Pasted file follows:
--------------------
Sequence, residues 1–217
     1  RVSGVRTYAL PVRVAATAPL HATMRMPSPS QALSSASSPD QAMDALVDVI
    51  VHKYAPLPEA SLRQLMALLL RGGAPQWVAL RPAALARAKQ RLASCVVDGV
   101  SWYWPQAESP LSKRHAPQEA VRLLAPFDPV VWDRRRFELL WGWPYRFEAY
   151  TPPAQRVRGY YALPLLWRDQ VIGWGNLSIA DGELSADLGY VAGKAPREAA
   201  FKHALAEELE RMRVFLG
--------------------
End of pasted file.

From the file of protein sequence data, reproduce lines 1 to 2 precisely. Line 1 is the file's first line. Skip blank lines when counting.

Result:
Sequence, residues 1–217
     1  RVSGVRTYAL PVRVAATAPL HATMRMPSPS QALSSASSPD QAMDALVDVI